This is such a short blog entry that a long introduction would be misleading. Those who hate random binges of nostalgia can rejoice. During 2014, I had to make a number of work trips to Chicago and on August 11, I made one of them. During the Ohio portion of my drive, I managed to take a few photographs. Some of those I have included here. That’s all she wrote.
[Remember that you can click on each image below to see a larger, better image. Also, the EXIF data for each image contains GPS coordinates that you can use to locate the exact place where the photograph was taken.]
When I originally began taking photographs of back-country Ohio, I tended to eschew barns, because there are so many old barns in Ohio that they seemed like very low-hanging fruit indeed. However, I have come to appreciate what I would call barns with “character.” However one might define that quality, I think this low-but-large barn has it. One thing I notice is missing is a set of lightning rods along the top, which many barns have. I don’t know if most barns really don’t need such things or if the owner of this barn has a deal with the storm gods.
A somewhat swampy area of western Ohio. Northwest Ohio used to be one big swamp, until it was drained in the 1800s and turned into farmland. You can still find swampy regions in the area.
To me, this particular image has never seemed very Ohio-y. This seems like more of a western setting somehow—big sky country and all that. You don’t get a lot of wide horizon shots in Ohio because even in flat western Ohio, trees tend to line a lot of fields, blocking the horizon.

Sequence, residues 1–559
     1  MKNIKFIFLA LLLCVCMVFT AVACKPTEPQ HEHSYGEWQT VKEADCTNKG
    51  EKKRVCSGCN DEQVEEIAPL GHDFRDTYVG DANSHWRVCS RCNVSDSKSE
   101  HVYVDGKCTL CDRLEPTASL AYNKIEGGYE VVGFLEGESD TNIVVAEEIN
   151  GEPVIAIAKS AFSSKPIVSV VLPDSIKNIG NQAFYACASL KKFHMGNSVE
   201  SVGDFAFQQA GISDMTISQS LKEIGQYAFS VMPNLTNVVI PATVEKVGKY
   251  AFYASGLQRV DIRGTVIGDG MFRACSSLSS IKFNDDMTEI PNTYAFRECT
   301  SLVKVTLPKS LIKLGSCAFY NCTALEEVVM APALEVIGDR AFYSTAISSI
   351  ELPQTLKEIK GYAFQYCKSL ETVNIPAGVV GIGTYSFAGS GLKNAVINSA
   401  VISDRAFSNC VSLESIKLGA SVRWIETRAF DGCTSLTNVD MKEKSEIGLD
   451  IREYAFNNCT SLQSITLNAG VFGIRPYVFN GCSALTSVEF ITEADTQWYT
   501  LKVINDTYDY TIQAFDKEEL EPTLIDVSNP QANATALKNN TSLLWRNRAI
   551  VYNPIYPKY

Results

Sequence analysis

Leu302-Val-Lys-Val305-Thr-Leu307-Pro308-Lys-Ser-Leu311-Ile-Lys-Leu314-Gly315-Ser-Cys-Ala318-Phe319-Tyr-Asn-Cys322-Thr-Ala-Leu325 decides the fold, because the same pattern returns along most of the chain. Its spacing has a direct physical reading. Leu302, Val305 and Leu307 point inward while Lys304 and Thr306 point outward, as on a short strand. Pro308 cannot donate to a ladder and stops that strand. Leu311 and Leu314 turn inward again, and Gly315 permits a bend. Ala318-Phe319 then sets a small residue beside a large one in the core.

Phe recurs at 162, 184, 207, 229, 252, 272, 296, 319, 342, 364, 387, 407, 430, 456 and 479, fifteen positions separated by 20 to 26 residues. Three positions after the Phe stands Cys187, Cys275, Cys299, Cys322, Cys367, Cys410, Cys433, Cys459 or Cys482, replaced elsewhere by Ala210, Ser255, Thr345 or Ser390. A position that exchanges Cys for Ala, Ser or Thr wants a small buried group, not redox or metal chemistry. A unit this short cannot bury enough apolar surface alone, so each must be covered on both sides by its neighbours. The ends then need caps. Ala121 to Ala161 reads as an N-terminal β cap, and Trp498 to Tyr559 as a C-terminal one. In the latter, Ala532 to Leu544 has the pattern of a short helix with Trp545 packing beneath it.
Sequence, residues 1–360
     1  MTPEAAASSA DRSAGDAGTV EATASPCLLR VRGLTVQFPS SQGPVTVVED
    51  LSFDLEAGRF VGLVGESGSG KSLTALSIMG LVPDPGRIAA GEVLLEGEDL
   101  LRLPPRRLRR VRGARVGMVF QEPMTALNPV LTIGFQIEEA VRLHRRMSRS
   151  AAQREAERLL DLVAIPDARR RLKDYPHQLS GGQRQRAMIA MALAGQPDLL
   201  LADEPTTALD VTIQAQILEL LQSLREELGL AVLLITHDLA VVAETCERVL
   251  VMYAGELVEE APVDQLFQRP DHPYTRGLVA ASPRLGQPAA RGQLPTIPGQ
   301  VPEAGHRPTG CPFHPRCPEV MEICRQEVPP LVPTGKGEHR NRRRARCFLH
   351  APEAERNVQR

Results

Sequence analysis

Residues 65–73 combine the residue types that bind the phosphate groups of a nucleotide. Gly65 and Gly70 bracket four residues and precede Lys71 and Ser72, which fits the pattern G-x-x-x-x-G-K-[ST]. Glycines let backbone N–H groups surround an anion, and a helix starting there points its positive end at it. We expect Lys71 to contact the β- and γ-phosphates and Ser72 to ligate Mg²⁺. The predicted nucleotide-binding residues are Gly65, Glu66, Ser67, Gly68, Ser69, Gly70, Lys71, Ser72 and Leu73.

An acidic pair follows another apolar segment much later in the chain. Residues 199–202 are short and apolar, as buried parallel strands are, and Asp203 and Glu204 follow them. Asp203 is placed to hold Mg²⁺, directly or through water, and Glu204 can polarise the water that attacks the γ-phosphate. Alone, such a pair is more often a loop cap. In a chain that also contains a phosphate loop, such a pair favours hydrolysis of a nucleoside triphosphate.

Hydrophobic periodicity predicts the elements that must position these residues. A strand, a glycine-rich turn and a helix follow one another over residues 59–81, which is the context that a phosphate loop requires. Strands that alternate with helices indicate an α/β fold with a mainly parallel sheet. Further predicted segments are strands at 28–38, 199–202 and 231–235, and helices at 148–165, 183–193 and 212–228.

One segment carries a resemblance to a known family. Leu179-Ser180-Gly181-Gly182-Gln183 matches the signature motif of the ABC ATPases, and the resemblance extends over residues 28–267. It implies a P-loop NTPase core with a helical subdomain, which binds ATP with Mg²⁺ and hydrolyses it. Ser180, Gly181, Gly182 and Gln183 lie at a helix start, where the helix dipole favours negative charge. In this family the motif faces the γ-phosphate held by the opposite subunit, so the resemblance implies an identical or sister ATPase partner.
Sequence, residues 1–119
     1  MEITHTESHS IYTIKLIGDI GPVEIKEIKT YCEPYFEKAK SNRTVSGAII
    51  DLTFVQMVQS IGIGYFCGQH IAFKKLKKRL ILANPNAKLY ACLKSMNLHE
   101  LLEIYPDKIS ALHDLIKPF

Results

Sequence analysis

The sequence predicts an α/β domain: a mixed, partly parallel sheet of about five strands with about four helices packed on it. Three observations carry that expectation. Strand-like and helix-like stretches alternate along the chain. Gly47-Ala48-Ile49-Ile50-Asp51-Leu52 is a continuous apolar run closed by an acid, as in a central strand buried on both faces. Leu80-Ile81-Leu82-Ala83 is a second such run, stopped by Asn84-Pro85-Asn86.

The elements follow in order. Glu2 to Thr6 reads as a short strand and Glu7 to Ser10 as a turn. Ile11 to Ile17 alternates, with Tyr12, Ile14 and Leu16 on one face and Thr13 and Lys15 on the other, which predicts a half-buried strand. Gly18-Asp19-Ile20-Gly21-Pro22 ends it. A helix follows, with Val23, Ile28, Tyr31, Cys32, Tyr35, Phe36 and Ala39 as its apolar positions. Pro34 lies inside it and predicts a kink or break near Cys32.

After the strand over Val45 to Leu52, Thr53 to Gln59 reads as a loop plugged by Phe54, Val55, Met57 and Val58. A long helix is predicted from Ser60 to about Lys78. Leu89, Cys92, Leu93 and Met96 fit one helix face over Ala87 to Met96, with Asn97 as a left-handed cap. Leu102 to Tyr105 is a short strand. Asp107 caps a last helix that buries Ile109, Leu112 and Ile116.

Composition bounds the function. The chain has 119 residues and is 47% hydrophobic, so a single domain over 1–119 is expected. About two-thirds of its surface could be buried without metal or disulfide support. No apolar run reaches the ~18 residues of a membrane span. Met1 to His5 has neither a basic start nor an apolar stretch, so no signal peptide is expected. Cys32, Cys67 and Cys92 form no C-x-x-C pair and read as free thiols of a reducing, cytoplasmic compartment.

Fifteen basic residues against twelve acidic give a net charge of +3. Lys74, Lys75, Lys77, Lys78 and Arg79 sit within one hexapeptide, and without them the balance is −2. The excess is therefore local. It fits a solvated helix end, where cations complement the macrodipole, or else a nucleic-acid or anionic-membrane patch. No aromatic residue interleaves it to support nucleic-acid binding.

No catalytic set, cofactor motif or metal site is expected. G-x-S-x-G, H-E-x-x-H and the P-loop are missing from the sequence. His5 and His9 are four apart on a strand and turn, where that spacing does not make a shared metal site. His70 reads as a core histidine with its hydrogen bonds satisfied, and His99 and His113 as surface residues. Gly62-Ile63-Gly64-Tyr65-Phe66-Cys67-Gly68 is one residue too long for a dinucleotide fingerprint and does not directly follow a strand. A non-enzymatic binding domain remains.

The last remnant of what was once a house peeks up through the brush. I presume the house itself succumbed to fire somewhere along the way.
A neatly kept up, but nevertheless un-used, old house. It still has the massive television aerial on the right. I remember when I was a kid, visiting relatives who lived in the country and had to rely on such aerials to get television. Even then, their reception was snowy under the best of circumstances.
This abandoned house has not stood up so well to the years, but it is still standing. Notice that in both of the above two photographs whoever owns the actual property continues to mow around these old houses. Ohioans will use any excuse to mow. A lawn mower is the state vehicle.
Sometimes you might have some help in keeping the grass down. Notice how the texture of the pasture is different from the grass on the left, thanks to the lumps of, ahem, fertilizer.
Yes, it’s over already—just eight images in this very very short blog entry. But here’s a snazzy early 1950s Pontiac to wind things up—a Catalina, I think. This photo was taken in the tiny hamlet of Kossuth, Ohio, named after the unsuccessful mid-1800s Hungarian revolutionary, who was a big hero in America at the time (and who visited in Ohio in the 1850s, the decade this place was founded). I think the actual Kossuth’s name is pronounced Caw-shooth, but who knows how Ohioans pronounce it.
Short but good. I loved your observation about Ohioans and mowing!